Turning Your “Pharma Ear” To Better Understand The True Patient Voice

Patient centricity has been a buzz word in the pharmaceutical industry in Japan in the recent past. It is not uncommon to be incorporated in the company’s visions. What exactly is it and how far have we progressed in bringing this concept in to the reality of how the pharmaceutical companies operate in Japan?

As being a practicing physician with experiences in direct patient care, I see the importance of understanding patients’ voices and pleas firsthand. The doctor-patient relationship has been shifted from the era of paternalism to the mandatory requirement of informed consent to shared decision making, along with the modern world of the internet, allowing patients to more easily access to health related information. If patients are not engaged in understanding their conditions and treatment, the adherence to medicines is often rather poor, which leads to unfavorable outcomes for patients. The medicines can be prescribed, but it may not always contribute to a better prognosis of patients, as otherwise would have done.

Pharmaceutical companies develop medicines and provide them to patients, so that their disease can be treated or symptoms can be alleviated. Their business activities are (to be) intended for patients. As the case with clinical practice, those companies providing a solution (medicines) to issues (disease), need to understand patients experiences and their needs firsthand to serve them better. However, patients’ voices or needs were traditionally only collected through the lens of practicing physicians, which limits them to fully comprehend what exactly are the true needs for patients taking medicines they develop and provide.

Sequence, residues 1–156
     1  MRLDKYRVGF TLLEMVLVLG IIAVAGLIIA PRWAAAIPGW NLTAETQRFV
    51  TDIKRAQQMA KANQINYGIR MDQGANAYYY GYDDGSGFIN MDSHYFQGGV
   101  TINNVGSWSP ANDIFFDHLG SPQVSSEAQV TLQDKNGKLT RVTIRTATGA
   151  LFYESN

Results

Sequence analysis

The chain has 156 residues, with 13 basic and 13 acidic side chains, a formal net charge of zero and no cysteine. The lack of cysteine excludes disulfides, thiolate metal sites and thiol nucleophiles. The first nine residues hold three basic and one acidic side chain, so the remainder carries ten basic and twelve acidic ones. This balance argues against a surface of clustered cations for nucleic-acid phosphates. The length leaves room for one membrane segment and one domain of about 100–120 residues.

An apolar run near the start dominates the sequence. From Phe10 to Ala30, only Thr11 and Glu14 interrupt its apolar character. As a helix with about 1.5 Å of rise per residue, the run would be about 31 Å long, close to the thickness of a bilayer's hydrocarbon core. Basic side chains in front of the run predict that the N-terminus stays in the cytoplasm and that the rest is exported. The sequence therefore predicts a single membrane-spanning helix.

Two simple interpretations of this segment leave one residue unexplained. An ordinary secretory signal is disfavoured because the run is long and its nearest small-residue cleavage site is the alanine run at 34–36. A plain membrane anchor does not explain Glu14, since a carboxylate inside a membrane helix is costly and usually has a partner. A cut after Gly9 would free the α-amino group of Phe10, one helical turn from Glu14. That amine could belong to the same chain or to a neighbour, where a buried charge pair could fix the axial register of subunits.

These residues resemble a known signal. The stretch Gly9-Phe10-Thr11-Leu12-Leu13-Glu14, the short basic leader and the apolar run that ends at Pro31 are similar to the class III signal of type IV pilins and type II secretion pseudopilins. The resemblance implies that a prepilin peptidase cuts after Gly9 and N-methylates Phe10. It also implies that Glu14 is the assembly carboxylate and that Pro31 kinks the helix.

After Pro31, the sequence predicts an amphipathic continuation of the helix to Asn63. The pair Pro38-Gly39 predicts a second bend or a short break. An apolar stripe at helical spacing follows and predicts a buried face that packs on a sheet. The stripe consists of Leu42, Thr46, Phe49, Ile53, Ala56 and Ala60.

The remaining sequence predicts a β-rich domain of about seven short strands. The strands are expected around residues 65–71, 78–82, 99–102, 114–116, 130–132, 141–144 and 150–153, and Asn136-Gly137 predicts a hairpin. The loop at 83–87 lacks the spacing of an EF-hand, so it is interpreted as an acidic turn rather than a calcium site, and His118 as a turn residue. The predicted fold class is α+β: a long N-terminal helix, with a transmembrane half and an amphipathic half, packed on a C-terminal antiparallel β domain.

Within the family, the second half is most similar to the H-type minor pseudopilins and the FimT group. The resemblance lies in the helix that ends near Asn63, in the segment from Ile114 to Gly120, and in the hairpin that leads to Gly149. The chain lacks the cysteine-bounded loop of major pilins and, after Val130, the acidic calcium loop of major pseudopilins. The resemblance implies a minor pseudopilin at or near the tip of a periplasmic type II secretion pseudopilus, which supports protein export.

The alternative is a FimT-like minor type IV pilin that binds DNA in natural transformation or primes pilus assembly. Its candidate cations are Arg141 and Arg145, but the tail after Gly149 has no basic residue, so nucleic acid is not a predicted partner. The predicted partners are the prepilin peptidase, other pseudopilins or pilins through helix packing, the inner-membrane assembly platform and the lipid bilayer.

Here is the real snapshot of what pharmaceutical people replied to the poll questions at Reuters Events Pharma Japan Virtual 2020, where I facilitated discussions with 2 other peer medical doctors, who themselves are cancer survivors.

Q1: Do you have opportunities to directly listen to patients in order to promote patient centricity?

YES, very often 4% (16)

YES, sometimes 27% (103)

NO, not much 36% (141)

NO, not at all 30% (115)

NEITHER 4% (14)

Q2: When you heard direct patients voice and pleas, do you have experiences incorporating their needs into corporate activities in your organization?

YES 43% (128)

NO 29% (87)

NEITHER 28% (83)

Q3: What would be the most important factor in order for pharmaceutical companies to develop and sell medicines that address high patient needs?

Platform to better interact and discuss to understand about patients 45% (160)

Commitment by top leadership 25% (89)

Clarifications on the industry-wide regulations and rules 18% (62)

Sharing the best practice or lessons learnt in the industry 7% (25)

Others 5% (18)

Now, you can see that patient centricity has been a buzz word, but the pharmaceutical industry is still figuring out how to move forward in a right way. There are many great intentions, but at the same time there lays many challenges ahead. The total mindset shift takes time, but at least our journey has began in a right direction.

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Acknowledgement: Special thanks to Reuters Events and Kazuhiro Hatanaka, chair of NPO JPPaC

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